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Four of Utah's five members of Congress introduced bills Tuesday to quickly push a land trade that could bring $50 million to $200 million for cash-poor Utah schools.But Rep. Bill Orton, D-Utah chose not to endorse it, even though he backed a nearly identical bill that almost passed last year. He said he wants to improve the bill, even if it delays the land deal that others want quickly.

"Last year, I supported it because it was the best we could do at the time," Orton said Tuesday. "Now at the beginning of a new Congress, we can take our time and work out issues." He wants to ensure that the overall percentage of federal land ownership in Utah does not increase because of the trade.

But Rep. Karen Shepherd, D-Utah, was among those saying she would rather have quicker action. "The purpose of this bill is to improve Utah education. We should never forget that," she said. "We should pursue it with as much haste as possible."

The bills - introduced by Sens. Orrin Hatch and Bob Bennett, R-Utah, in the Senate and by Rep. Jim Hansen, R-Utah, and Shepherd in the House - would trade 200,000 acres of state land now surrounded by national parks, forests and Indian reservations.

Those lands were given to Utah at statehood to help raise money for schools but cannot be developed because of the surrounding parks and forests.

In return for them, Utah would receive fair market value - estimated somewhere between $50 million and $200 million. It would come through exchange of some federal lands, or mineral royalties on some federal tracts of up to $12.5 million a year until the full value is achieved.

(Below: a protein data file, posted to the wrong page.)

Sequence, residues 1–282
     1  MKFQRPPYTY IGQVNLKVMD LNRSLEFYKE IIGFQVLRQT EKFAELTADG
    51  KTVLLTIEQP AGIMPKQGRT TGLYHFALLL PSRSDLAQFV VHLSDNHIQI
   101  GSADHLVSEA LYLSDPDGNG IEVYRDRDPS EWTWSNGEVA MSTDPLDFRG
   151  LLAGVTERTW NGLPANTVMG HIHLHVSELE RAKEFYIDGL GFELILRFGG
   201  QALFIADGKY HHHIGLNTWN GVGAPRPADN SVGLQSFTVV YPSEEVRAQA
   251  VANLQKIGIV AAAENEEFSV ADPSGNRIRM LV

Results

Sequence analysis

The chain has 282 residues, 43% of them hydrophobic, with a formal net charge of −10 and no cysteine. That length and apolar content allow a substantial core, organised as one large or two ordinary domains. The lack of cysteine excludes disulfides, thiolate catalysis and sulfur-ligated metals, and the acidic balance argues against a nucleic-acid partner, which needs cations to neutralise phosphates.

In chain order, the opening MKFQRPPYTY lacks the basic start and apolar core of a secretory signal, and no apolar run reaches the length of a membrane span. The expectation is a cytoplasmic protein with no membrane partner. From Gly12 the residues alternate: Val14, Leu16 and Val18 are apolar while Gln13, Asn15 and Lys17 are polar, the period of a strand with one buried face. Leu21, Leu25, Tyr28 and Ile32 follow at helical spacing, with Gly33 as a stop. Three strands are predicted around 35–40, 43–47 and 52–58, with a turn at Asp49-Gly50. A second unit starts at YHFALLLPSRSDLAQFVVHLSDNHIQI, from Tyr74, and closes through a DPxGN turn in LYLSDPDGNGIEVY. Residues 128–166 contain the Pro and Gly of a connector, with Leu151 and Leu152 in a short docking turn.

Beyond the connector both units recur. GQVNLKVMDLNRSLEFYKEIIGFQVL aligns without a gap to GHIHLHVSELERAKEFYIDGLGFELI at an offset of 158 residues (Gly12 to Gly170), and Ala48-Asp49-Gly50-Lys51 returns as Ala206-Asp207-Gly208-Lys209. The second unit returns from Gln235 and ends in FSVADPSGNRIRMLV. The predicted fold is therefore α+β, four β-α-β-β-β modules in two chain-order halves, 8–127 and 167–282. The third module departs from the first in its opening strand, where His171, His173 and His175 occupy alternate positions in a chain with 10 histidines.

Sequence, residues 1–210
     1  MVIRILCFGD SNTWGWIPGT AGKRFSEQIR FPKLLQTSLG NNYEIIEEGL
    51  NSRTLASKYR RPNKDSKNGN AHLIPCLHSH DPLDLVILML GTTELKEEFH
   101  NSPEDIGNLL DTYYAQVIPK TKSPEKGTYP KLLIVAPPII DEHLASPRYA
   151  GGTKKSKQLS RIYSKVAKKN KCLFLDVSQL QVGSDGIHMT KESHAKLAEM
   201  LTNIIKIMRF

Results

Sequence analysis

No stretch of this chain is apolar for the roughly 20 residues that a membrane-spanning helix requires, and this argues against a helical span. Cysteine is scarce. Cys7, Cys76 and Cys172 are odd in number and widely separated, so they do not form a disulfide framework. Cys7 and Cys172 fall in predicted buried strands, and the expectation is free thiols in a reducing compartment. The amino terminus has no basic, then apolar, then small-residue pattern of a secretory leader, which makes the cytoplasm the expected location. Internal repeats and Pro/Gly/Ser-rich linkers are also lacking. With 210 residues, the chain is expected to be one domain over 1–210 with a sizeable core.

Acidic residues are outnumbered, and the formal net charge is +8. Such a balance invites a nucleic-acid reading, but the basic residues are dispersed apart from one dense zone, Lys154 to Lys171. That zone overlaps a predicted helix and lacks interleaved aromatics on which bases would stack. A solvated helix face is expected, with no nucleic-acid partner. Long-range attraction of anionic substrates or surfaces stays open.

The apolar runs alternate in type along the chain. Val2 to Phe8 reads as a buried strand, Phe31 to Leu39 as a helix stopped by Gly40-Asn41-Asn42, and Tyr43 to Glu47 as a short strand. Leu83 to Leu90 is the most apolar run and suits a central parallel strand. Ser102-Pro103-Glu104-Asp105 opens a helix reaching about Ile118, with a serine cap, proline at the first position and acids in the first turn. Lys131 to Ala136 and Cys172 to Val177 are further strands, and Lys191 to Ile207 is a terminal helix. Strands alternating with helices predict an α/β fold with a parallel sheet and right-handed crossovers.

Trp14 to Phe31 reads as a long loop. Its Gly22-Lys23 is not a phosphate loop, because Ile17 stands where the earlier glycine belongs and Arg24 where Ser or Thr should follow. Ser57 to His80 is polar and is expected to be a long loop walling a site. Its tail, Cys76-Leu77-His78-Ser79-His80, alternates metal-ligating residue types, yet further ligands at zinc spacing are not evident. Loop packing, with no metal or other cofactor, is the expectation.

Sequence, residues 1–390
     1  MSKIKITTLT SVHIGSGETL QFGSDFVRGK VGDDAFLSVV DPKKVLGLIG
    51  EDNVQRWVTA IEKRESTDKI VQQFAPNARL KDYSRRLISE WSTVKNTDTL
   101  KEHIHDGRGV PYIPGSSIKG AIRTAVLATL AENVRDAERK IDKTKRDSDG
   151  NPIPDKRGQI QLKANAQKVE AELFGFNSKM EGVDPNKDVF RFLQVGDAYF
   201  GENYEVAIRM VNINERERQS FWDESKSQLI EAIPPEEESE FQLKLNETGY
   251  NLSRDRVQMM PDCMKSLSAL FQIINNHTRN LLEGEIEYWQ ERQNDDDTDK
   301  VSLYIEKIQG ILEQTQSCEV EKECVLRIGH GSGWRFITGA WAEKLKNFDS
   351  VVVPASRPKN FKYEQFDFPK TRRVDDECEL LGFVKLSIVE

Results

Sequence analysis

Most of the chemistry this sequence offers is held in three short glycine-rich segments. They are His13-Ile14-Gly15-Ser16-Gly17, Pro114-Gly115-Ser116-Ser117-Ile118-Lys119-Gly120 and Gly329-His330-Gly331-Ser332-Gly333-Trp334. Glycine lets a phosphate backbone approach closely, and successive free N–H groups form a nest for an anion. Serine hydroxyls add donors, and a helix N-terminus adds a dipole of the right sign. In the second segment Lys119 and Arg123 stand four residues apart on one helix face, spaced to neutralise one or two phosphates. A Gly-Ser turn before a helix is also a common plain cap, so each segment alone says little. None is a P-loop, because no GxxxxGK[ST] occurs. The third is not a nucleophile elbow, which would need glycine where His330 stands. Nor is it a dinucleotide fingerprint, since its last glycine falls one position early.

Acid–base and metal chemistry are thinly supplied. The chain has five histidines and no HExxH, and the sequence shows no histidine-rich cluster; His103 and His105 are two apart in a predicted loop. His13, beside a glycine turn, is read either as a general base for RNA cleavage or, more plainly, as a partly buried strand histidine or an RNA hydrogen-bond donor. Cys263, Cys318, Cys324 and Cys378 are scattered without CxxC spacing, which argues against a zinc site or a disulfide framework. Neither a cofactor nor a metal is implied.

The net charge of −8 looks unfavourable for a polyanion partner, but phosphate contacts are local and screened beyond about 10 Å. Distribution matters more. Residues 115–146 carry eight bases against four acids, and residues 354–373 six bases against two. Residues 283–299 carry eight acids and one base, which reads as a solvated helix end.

The idea was first proposed by former Gov. Norm Bangerter. A fragile coalition of school, environmental, Bush administration, Indian and other groups backed it last year. It passed both houses, but the House adjourned before it passed some final Senate amendments that former Sen. Jake Garn, R-Utah, added. So it died.

New Gov. Mike Leavitt has endorsed the bill this year, and Hatch and Hansen said Clinton administration officials have said they are willing to look at it.

Even though Orton didn't sign on to the bill, he said he does favor a school trust land exchange - and will work with the delegation to achieve it.

"I don't favor the sale of state lands to the federal government. I can't support increasing the percentage of federal ownership of land in the state," he said. Ranchers, miners and timber industries in his district have long complained about restrictions on federal tracts.

Orton said he wants amendments to require the federal government to sell off equal acreage of land to the public for all acreage it obtains through the proposed trade. He said he has not yet talked to the new Clinton administration about that.

Hansen, who like Shepherd is on the House Natural Resources Committee that will oversee the bill, said the bill will likely go through many changes before it passes.

"This is a starting point," he said.

Hatch said the delegation is willing to work with Orton to address his concerns, "but frankly I don't have great hope for them."

Hatch also said the land trade is needed to correct a "pathetic and irresponsible" situation where "Utah spends more on education as a percent of its total budget than any other state in the nation" but still has among the largest class sizes, and receives less federal money per pupil than any state.